Guest blog: The Chronicles of Narnain
My new guest blogger is David McKay. Known to me as Cuptie (I’m not sure I know why!), he has been a journo colleague and friend for many years. Until recently I had no idea that David loved hill walking. He’s normally an office-based sub-editor and I had imagined his time off was spent reading, eating lovely food and drinking a little (no offence Cuptie!). Then I spotted him chatting about his walking adventures on Facebook. So, of course, I asked him to give me a wee report on his latest walk.
David has written me his own biography: “I’m too fat, forty-something and frequently frazzled by work, so I often find myself in need of a nice long walk. I’m no serious hill-bagger, as my lifetime Munro total (six) will tell you. But there’s nothing better for me than being outside, in beautiful nature, with somewhere nice to tramp to and a tasty sandwich to eat when I get there…”
Here he writes about his walk to the summit of Beinn Narnain
I feel a fraud writing about doing a Munro. I’m not a Munro-doer. I hate exposure, the thought of a knife-edge ridge is a dagger to my heart, and scrambling in my world is what you do with an egg when there’s nothing else in the fridge.
I do love getting out in the wilds, preferably with no one else around, and taking some much-needed exercise in the wonderful hills Glasgow’s blessed to have on its doorstep. I just like both my feet on a friendly path while I’m doing it.
Which brings me to Beinn Narnain, dowdy next-door neighbour of Glesga’s best-beloved mountain.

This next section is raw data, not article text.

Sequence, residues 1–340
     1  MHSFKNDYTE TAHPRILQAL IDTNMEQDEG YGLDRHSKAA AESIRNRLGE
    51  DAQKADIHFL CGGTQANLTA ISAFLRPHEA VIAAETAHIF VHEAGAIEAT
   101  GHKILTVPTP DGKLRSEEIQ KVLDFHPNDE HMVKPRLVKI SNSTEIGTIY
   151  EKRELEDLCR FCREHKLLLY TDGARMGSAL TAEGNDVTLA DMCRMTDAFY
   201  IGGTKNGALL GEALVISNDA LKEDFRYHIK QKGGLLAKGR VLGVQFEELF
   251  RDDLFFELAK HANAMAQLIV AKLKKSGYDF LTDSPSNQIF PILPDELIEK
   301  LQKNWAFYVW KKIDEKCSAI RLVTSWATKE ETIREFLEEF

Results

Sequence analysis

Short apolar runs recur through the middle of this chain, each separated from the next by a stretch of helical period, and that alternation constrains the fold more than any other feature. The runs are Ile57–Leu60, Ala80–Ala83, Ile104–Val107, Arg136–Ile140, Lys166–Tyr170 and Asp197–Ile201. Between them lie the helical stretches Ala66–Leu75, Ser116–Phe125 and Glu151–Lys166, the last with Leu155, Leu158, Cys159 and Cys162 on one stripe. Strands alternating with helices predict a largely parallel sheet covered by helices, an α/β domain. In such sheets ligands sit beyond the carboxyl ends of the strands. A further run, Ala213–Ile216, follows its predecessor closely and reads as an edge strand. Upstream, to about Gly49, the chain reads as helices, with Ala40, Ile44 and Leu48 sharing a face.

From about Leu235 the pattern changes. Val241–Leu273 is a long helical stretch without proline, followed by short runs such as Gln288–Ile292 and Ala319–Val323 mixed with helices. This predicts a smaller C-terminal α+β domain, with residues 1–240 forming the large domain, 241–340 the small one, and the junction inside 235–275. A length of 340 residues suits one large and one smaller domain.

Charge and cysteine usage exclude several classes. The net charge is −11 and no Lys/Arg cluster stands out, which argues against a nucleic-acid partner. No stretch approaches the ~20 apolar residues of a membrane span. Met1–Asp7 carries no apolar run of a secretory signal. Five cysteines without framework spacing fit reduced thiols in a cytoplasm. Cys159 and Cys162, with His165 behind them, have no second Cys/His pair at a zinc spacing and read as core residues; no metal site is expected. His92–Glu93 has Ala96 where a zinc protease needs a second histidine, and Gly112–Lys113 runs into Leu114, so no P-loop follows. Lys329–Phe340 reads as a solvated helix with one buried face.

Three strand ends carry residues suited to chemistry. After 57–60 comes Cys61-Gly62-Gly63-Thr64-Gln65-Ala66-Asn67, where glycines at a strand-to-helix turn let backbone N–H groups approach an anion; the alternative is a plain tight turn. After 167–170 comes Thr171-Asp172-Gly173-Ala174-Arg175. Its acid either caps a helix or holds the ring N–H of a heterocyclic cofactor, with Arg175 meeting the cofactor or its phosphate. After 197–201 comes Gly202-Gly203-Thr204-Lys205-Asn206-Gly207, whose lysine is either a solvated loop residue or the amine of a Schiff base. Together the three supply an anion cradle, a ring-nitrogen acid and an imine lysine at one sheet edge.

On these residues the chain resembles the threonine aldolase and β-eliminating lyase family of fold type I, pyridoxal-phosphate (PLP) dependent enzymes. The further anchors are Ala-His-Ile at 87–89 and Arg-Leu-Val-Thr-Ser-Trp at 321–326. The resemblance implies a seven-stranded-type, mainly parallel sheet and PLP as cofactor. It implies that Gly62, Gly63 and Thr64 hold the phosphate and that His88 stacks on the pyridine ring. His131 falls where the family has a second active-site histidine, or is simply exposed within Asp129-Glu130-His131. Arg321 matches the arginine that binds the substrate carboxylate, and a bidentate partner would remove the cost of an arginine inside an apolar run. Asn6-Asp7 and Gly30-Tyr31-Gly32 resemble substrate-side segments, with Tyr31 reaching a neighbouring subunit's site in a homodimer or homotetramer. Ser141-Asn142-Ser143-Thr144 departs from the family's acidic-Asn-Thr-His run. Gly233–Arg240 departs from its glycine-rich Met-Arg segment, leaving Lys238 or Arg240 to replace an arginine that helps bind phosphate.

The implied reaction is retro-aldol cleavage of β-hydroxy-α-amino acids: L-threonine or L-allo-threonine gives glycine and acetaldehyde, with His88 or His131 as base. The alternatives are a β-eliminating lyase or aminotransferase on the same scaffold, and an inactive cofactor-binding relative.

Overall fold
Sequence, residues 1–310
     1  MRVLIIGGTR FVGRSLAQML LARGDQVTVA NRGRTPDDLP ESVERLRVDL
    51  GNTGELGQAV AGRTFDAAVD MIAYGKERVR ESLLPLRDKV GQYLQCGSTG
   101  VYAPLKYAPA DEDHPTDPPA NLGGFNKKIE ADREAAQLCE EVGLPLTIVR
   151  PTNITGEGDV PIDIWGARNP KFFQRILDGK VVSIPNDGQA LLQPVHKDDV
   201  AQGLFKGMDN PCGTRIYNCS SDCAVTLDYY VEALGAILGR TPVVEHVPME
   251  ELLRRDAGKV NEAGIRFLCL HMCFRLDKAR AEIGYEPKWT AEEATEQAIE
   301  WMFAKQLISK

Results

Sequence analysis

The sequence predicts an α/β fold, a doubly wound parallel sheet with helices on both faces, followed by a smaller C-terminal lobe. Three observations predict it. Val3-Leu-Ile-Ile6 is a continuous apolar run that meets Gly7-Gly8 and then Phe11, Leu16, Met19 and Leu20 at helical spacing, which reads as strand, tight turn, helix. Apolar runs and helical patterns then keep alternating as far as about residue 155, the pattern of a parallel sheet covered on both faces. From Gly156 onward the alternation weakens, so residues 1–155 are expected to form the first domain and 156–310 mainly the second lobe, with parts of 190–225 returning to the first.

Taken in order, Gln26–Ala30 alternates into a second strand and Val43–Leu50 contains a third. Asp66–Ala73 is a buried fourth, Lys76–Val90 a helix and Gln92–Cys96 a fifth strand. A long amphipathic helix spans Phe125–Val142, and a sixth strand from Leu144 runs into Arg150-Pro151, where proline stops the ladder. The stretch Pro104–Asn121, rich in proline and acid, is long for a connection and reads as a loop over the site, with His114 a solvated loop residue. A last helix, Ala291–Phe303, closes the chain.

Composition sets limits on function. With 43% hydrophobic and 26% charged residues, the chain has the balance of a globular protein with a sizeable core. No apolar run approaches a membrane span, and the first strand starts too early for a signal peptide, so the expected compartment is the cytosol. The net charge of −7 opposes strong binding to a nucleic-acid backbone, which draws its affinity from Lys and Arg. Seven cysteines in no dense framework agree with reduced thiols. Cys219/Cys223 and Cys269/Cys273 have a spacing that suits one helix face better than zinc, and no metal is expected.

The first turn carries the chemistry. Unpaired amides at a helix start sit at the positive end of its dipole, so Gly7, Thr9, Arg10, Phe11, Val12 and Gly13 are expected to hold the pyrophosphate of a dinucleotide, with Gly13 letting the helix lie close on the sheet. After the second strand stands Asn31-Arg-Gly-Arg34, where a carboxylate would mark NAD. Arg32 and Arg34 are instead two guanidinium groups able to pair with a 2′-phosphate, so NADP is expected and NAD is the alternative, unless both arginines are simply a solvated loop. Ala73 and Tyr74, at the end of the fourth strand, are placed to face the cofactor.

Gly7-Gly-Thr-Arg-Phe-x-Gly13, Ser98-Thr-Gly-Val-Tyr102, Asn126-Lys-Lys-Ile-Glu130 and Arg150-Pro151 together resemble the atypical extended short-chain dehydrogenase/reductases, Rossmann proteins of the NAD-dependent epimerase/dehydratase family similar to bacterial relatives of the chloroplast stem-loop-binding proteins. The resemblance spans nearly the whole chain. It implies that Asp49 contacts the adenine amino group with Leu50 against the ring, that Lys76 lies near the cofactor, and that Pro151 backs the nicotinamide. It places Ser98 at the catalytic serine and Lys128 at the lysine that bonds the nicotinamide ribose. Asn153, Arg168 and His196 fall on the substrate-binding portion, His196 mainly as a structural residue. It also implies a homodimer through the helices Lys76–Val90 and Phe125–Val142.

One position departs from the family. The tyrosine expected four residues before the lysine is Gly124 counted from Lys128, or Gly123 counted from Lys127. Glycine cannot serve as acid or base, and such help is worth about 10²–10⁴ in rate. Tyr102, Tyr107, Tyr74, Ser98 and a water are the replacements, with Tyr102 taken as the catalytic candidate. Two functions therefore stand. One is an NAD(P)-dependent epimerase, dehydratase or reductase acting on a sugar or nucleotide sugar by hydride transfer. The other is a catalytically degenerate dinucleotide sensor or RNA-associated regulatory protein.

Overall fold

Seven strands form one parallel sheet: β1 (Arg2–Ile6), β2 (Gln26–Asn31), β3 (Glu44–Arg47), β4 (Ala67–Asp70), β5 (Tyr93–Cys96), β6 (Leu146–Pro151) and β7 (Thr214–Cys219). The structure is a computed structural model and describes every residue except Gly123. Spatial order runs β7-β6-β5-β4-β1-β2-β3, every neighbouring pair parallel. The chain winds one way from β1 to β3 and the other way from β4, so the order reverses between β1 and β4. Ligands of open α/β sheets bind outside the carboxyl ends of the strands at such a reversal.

Everybody loves The Cobbler. But the trouble with a hill everybody loves is that everybody’s on it. Doing the Cobbler can be like Sauchiehall Street on a Saturday, while Narnain languishes, often unnoticed, on t’other side of the glen. So give it a try, thought I. Just take the Cobbler path to do it.
According to the guide books, the direct path up Narnain from the Succoth car park includes “the narrow Spearhead ridge” and “mild scrambling” – a term I find as trustworthy as “compassionate Conservatism”. So that was out. But for the lazy/craven walker (like me), there’s a sneaky back way. Just head up to the start of the Cobbler steps and turn right instead of left.
This offers all the dramatic “Land That Time Forgot” scenery of the terrific Cobbler path (tedious early zig-zaggery excepted), plus an interesting and uncrowded new destination. In good visibility – and I wouldn’t try it in anything else unless you know your stuff – the Narnain path is easily followed round to the right from the foot of the Cobbler steps. Not too steep, scary or taxing, but the lower parts clearly have boggy tendencies.
The hill gets rocky higher up. The rough path is faint in places and there’s a very brief section of boulders to cross just before the summit plateau (3038ft). But I never felt over-stretched or not safe, so the vast majority of hill-going folk should be fine on it. The top of Narnain is a wide, flat, rocky moonscape, and the views on the gorgeous April day I chose were pants-wettingly fantastic.
Loch Long wends off dreamily to the sea, Ben Lomond is pointy perfection, Beinn Ime looms impressively to the north and I thought I recognised Schiehallion (bet it wasn’t) in the distance. But the best thing about the view was: I was the only one looking at it.
That’s what’s nice about Narnain. Go on a weekday and you might get it all to yourself.
Hard cases could combine it with Ime to make a long double-bagging day of it, but enjoying the Cobbler path down again was plenty for me. Four and a half hours all in, including 25 minutes of summit view-ogling while scoffing Cadbury‘s Mini-Eggs, and a healthy dose of smugness at the end.
After all, you start this baby from sea level, so I’d earned it!